So if a BH isn't actively accreting material, the density in its outskirts, either side of the event horizon, is zero. However, a BH with high density will spaghettify you before you cross the event horizon. You get spaghettified by the tidal force caused by the differential gravitational acceleration: if you're falling feet first towards the BH, the acceleration at your feet is greater than the acceleration at your head, so it feels like you're being pulled apart. A big BH actually has more tidal force than a small BH at the same radial distance (i.e., the distance to the centre of the BH), but a SMBH has such a large Schwarzschild radius that you have to be well within the event horizon before the tidal force is dangerous.

There are more details about spaghettification in this Physics answer by Andrew Steane. And here's a short live Python program that calculates the radial distance where a 1 m steel rod (falling vertically) would be pulled apart by the tidal force.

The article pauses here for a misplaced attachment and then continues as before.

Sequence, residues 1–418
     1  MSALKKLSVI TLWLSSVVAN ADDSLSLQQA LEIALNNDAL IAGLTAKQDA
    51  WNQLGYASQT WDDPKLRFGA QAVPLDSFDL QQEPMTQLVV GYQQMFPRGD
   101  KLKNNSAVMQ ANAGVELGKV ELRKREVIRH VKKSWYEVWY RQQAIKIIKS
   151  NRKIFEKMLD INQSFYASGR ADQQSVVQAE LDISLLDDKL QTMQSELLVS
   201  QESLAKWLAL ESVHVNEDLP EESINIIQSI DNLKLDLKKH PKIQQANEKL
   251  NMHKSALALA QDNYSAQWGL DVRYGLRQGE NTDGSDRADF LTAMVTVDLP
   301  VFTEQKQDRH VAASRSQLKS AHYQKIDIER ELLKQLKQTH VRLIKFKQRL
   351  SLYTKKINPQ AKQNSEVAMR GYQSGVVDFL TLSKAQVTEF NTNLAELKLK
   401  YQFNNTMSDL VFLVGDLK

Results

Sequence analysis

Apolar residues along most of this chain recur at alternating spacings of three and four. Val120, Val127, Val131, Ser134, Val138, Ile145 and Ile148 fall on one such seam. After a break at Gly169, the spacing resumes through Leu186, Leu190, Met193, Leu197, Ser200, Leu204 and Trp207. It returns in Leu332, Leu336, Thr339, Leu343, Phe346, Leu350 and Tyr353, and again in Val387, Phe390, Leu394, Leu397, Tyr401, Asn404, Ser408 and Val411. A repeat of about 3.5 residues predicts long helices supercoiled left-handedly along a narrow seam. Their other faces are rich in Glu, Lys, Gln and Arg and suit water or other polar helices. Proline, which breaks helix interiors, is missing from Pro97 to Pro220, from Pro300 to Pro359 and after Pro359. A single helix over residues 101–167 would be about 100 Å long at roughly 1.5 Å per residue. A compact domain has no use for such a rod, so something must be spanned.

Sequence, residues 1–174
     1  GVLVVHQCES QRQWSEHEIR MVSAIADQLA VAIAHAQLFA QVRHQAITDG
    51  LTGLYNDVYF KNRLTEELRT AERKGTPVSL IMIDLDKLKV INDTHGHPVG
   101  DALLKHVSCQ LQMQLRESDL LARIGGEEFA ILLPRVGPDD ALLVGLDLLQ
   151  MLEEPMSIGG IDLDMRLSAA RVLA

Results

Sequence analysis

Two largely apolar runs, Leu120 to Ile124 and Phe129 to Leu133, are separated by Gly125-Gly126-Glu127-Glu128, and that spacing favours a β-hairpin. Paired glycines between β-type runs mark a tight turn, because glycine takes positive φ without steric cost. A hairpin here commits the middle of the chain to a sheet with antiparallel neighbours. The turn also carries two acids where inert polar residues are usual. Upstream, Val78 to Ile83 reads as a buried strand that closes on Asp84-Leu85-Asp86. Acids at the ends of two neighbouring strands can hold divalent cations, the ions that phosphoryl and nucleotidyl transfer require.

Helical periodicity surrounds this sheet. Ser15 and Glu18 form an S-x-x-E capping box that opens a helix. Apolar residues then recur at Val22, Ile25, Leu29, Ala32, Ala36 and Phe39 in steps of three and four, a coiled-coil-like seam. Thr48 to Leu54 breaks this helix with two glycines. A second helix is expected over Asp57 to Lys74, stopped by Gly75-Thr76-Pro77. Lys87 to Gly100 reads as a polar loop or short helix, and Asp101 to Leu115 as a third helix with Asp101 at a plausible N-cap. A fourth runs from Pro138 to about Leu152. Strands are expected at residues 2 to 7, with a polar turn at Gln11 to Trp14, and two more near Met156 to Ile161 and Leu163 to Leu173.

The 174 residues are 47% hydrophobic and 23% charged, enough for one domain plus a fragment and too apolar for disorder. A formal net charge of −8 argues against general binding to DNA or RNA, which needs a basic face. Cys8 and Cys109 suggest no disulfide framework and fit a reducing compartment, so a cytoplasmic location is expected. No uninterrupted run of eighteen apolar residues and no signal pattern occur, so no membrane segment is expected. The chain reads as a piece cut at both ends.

Eg, with a 3 $M_\odot$ BH, which has a Schwarzschild radius $r_s$ of 8.860 km, the steel rod would break at a distance of 112.176 km = 12.661353 $r_s$.

A tiny black hole with an event horizon less (far less) than a millimeter is going to be a septillion times or more denser than the moon, not just a million, correct?

Correct. BH mass is proportional to $r_s$, so the mean density is inversely proportional to the square of the mass or radius. Eg, a 1 mm BH has a million times the density of a 1 m BH.

The relevant equation for the mean density is $$\rho = \frac{3c^2}{8\pi G{r_s}^2}$$

and the Schwarzschild radius is $$r_s = \frac{2GM}{c^2}$$

You can get BH density & various other parameters of a Schwarzschild BH from the Hawking radiation calculator. FWIW, $r_s$ for the Earth is ~8.870056 mm.

Unless Hawking radiation lowers the density, not just the mass....

No, Hawking radiation doesn't do that. As the BH loses mass, it continues to obey the above equation. It might do something odd when it has lost almost all of its mass, but we need a quantum gravity theory for that.

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Let me add an addendum to PM 2Ring's excellent answer.

Why does the New Scientist article (apparently) say that a low-mass primordial black hole is "a million times denser than the moon"? It's because it's not really referring to actual black holes, but rather to the fake black hole used in a simulation.